The television half-hour is the boldest and most exciting art form in popular culture right now, as “former” TV critic Andy Greenwald has been quick to point out over the last couple years, and this was very much the case in 2016. Nowhere was that more apparent than Atlanta, the best new show of the year that exhilaratingly embraced its distinct mixture of mood, feeling and character to weave a tapestry never before seen on TV. But it was far from the only example.
Veep, TV’s most immaculate orchestration for five years running, seamlessly changed showrunners to turn in one of its strongest seasons to date, while its HBO counterpart Silicon Valley has only gotten better with age. Meanwhile, BoJack Horseman continues to push animation in new directions, from a dazzling dialogue-free episode to tackling abortion and three-week long drug benders, and Black-ish has fully settled into being the best network family sitcom in ages.
2016 also continued to give women and minorities a more prominent and long overdue voice in the television landscape. From the aforementioned Atlanta and Black-ish, to freshmen standouts like Insecure, Better Things, Fleabag and late night’s Full Frontal with Samantha Bee, networks have finally seemed to recognize diverse storytelling is good for everyone. One can only hope these last few years are a prelude for more things to come.
The other big takeaway is how blurry the lines between “comedy” and “drama” have become, with the only thing separating the two now appearing to be runtime. From the dark emotional depths BoJack Horseman explored, to the deft way Black-ish handled the recent police shootings, to You’re the Worst’s stark portrayal of PTSD, to the personal turmoil characters went through on what seemed like every other show this year, the most affecting and impactful stories were often seen in the half-hour format. So 2016, well done there.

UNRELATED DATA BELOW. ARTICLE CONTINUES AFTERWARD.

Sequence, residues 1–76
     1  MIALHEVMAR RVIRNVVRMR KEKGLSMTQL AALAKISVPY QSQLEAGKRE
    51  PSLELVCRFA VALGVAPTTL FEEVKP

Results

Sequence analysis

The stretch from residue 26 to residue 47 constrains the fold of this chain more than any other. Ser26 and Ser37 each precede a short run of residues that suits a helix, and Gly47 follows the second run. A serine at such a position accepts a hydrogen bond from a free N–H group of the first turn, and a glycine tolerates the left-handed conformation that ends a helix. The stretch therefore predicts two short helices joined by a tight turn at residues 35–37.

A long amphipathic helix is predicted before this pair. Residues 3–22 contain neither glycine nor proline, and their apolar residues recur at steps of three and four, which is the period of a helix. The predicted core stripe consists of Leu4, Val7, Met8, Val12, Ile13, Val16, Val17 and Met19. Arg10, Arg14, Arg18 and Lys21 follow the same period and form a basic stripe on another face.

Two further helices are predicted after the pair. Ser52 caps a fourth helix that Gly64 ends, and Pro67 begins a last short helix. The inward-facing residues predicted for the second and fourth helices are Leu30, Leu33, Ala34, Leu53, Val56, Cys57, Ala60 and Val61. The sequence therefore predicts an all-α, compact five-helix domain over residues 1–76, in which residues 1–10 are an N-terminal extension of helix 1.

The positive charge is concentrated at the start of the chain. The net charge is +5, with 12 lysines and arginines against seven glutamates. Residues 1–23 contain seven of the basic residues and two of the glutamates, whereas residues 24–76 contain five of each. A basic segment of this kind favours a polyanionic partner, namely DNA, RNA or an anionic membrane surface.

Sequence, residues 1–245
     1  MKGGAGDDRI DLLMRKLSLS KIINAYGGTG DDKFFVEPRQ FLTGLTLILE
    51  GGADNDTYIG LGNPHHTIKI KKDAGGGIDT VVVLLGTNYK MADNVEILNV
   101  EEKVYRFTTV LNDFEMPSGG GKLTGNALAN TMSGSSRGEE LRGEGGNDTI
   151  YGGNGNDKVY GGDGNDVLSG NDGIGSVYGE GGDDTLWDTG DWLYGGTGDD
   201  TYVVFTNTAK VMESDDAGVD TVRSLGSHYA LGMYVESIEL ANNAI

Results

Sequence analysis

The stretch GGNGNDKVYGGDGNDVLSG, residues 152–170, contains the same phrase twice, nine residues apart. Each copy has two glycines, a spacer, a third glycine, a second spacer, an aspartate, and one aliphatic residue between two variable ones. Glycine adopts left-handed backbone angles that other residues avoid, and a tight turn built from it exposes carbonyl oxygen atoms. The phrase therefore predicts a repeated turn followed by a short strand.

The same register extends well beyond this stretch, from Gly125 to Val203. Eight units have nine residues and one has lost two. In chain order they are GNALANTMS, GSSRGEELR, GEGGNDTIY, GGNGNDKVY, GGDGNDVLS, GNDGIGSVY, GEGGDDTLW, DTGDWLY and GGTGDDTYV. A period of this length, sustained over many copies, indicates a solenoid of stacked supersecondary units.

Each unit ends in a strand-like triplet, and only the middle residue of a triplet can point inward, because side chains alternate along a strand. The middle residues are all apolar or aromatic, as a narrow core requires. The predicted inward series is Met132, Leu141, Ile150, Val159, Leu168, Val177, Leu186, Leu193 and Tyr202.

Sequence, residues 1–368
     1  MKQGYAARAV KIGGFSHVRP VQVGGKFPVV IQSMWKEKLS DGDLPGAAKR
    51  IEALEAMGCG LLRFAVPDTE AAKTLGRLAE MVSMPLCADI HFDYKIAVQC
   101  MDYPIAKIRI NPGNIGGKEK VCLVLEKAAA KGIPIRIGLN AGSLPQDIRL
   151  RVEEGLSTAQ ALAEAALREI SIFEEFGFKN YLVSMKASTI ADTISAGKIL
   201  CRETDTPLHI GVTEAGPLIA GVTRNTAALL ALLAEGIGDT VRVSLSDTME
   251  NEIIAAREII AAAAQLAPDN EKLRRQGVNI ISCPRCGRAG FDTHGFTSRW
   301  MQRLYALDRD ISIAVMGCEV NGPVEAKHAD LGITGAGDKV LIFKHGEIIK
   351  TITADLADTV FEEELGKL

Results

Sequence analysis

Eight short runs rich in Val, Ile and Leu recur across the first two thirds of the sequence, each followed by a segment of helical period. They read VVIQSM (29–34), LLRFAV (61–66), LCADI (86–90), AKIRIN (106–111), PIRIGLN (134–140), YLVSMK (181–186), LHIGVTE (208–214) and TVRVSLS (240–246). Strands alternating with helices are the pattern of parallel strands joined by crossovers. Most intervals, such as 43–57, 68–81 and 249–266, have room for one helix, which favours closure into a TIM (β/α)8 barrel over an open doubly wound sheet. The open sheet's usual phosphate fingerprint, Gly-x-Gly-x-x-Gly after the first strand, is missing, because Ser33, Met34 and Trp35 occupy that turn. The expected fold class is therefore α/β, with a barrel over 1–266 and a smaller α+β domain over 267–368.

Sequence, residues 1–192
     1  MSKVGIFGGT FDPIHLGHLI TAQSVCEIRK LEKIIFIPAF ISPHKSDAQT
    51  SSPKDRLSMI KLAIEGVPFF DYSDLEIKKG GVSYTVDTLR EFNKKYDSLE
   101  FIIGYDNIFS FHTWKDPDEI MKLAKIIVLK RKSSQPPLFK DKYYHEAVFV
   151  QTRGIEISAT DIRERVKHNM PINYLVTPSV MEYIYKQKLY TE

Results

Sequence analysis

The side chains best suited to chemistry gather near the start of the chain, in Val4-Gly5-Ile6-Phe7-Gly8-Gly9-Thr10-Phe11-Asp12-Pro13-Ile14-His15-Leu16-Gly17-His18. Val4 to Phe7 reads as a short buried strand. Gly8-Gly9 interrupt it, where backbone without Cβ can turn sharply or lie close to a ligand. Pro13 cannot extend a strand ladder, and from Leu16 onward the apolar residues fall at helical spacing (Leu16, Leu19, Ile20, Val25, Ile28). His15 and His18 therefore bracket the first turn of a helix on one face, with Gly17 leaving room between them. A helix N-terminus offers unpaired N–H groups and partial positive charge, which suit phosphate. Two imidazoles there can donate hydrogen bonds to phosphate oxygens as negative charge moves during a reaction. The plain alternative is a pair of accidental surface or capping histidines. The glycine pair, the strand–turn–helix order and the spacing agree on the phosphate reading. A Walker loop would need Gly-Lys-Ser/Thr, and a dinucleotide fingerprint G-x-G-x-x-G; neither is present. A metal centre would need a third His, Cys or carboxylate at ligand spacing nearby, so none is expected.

1. Veep, season five
2. BoJack Horseman, season three
3. Atlanta, season one
4. Silicon Valley, season three
5. Black-ish, seasons two and three
6. You’re the Worst, season three
7. It’s Always Sunny in Philadelphia, season 11
8. Brooklyn Nine-Nine, seasons three and four
9. New Girl, seasons five and six
10. Insecure, season one
11. Togetherness, season two
12. Better Things, season one
13. The Good Place, season one
14. The Carmichael Show, season two
15. Divorce, season one
16. Baskets, season one
17. Archer, season seven
18. People of Earth, season one
19. Man Seeking Woman, season two
20. Girls, season five
Ballers, season two
Catastrophe, season two
Fleabag, season one
Fresh Off the Boat, seasons two and three
The Last Man on Earth, seasons two and three
Mozart in the Jungle, season three
Search Party, season one
Vice Principals, season one
(Although obviously not fictional like all the others, special attention must be given to both Last Week Tonight with John Oliver and Full Frontal with Samantha Bee, the two most vital shows we had in trying to make sense of this crazy real life year.)
As for the television hour-long, 2016 once again got the most thrilling results from its recent embracing of limited series, with The People v. O.J. Simpson and The Night Of leading the way. It still managed to produce more traditionally buzzworthy shows, sure, like Westworld and Stranger Things, but it’s strongest output remained little seen gems like The Americans and Halt and Catch Fire. Meanwhile, television’s flagship show, Game of Thrones, continues to be the most overrated show on the air, and it’s baffling why its many shortcomings are not picked apart more often than they are.
But really 2016 finds the state of the TV drama a little unsure of itself and at something of a crossroads. On the one hand, it wants equal, if not greater, footing with film as the biggest must-see events that drive cultural conversations, and it has had a lot of success with that with the limited series. But on the other hand, the more traditional serialized shows have been much more of a mixed bag, both in terms of consistent quality and viewership, and few hour-longs match the fresh nimbleness and forward-thinking nature of its half-hour brethren.
Not to mention with the glut of content streaming outlets are pushing out, it has become increasingly difficult to keep track of things or for something to break out for more than a brief moment. It will be interesting to see what the landscape looks like in five years and if the industry doubles down on shorter running series or has grown even more fractured.
1. The Americans, season four
2. Halt and Catch Fire, season three
3. The Night Of
4. The People v. O.J. Simpson
5. Better Call Saul, season two
6. Westworld, season one
7. Stranger Things, season one
8. Black Mirror, season three
9. Preacher, season one
10. Agent Carter, season two
The Affair, season three
Billions, season one
Game of Thrones, season six
Masters of Sex, season four
Mr. Robot, season two
The Night Manager